Examining the oil market’s function, considering both its short-term dynamic movement and the potential for long-term transitions.
With U.S. climate leadership lagging, the G-7 is finding ways to move forward in spite of U.S. reluctance while China looms as the new international climate powerhouse.
By creating policy frameworks for innovative mobility services, governments have an opportunity to address environmental and societal goals while promoting investment and technological leadership.
The Saudi Aramco IPO offers a unique opportunity for climate-based transparency. Yet, despite having some of the cleanest oils, transparency is unlikely without pressure from investors and exchanges.
More power to the states to price carbon can support emissions reduction from human activities that accelerate climate change.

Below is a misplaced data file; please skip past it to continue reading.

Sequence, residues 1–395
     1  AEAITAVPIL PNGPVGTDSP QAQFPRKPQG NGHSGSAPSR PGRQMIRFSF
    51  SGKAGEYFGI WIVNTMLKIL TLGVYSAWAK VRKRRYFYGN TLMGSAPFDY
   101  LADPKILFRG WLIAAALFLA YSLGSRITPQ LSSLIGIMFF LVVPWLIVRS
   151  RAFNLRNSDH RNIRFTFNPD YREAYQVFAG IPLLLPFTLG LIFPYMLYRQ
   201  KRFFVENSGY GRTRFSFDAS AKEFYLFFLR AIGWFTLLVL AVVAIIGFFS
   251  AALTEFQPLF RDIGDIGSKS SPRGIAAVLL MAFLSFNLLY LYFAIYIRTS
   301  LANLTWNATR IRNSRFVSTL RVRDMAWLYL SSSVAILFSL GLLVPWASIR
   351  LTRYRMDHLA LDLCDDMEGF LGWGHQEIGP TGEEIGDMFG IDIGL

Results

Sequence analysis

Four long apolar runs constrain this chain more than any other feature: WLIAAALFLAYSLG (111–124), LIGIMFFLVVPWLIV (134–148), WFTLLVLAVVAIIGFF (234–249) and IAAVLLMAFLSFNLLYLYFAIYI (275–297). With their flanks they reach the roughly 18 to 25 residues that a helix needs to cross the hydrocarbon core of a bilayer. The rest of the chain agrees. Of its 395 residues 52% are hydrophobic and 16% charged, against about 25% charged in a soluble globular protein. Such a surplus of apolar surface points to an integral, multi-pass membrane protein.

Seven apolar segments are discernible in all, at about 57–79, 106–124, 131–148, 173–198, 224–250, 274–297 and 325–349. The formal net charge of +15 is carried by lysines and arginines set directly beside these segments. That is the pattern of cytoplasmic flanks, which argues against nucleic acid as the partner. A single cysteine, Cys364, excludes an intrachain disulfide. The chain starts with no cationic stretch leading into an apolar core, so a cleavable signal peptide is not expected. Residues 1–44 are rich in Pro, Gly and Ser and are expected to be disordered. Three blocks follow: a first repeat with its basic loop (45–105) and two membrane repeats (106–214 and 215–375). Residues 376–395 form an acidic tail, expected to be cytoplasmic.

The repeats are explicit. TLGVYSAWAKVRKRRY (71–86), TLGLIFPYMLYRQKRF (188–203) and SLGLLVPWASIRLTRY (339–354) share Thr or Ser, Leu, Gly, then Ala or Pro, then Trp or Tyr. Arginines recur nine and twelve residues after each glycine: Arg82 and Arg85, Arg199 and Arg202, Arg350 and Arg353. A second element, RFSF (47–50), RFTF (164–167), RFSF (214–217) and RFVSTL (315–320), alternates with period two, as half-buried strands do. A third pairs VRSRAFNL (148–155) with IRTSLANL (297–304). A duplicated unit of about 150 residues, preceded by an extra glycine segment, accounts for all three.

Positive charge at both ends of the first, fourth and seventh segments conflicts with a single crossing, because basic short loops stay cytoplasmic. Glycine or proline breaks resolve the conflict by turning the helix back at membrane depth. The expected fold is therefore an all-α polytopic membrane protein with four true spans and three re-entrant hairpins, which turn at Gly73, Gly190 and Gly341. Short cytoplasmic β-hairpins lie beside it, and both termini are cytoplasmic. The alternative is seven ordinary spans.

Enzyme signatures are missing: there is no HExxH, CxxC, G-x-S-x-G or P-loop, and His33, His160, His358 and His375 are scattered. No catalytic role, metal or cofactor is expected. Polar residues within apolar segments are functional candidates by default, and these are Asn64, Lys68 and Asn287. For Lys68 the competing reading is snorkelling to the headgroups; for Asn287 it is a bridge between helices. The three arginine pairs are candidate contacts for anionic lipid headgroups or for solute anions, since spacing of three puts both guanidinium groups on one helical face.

Taxing climate pollution instead of productivity will be a societal breakthrough.
Innovative and continuous support will be needed to manage the effects of a sustained decline in oil prices, especially in oil-producing and developing countries.
A smart carbon tax differentiates among the different chemical entities called “oil,” accounts for GHG emissions along the entire oil supply chain, and includes byproducts that do not fuel transport.
Because of the growing chemical and geological diversity of the new oils, the lack of alternative liquid fuels for transportation, and the size and global scope of oil production and trade, a tax is most needed in the oil sector.
For the first time, it is possible to estimate the value and profile of GHG emissions from oils throughout their supply chain using an Oil-Climate Index. This allows for the replacement of blunt tax designs with a smart tax that captures oil’s total emissions with minimal economic cost and maximum efficiency.
Although Saudi Arabia has appointed a new oil minister, it will most likely continue to maintain its current petroleum production policy.